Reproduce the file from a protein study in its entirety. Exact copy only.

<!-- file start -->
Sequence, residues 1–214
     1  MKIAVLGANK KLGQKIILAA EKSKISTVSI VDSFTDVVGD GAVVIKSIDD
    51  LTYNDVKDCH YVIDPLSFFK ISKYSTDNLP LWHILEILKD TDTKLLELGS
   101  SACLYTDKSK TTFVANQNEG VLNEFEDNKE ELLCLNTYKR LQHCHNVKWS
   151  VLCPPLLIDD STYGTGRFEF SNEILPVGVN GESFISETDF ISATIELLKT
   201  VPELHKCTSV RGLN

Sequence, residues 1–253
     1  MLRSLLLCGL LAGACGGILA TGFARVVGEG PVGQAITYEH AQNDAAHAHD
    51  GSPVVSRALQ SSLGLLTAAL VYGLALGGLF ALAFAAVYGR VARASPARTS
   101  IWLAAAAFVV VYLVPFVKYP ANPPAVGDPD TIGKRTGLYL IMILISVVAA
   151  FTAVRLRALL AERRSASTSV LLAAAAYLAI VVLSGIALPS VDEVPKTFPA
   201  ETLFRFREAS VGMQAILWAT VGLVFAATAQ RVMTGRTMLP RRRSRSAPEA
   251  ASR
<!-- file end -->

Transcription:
Sequence, residues 1–214
     1  MKIAVLGANK KLGQKIILAA EKSKISTVSI VDSFTDVVGD GAVVIKSIDD
    51  LTYNDVKDCH YVIDPLSFFK ISKYSTDNLP LWHILEILKD TDTKLLELGS
   101  SACLYTDKSK TTFVANQNEG VLNEFEDNKE ELLCLNTYKR LQHCHNVKWS
   151  VLCPPLLIDD STYGTGRFEF SNEILPVGVN GESFISETDF ISATIELLKT
   201  VPELHKCTSV RGLN

Sequence, residues 1–253
     1  MLRSLLLCGL LAGACGGILA TGFARVVGEG PVGQAITYEH AQNDAAHAHD
    51  GSPVVSRALQ SSLGLLTAAL VYGLALGGLF ALAFAAVYGR VARASPARTS
   101  IWLAAAAFVV VYLVPFVKYP ANPPAVGDPD TIGKRTGLYL IMILISVVAA
   151  FTAVRLRALL AERRSASTSV LLAAAAYLAI VVLSGIALPS VDEVPKTFPA
   201  ETLFRFREAS VGMQAILWAT VGLVFAATAQ RVMTGRTMLP RRRSRSAPEA
   251  ASR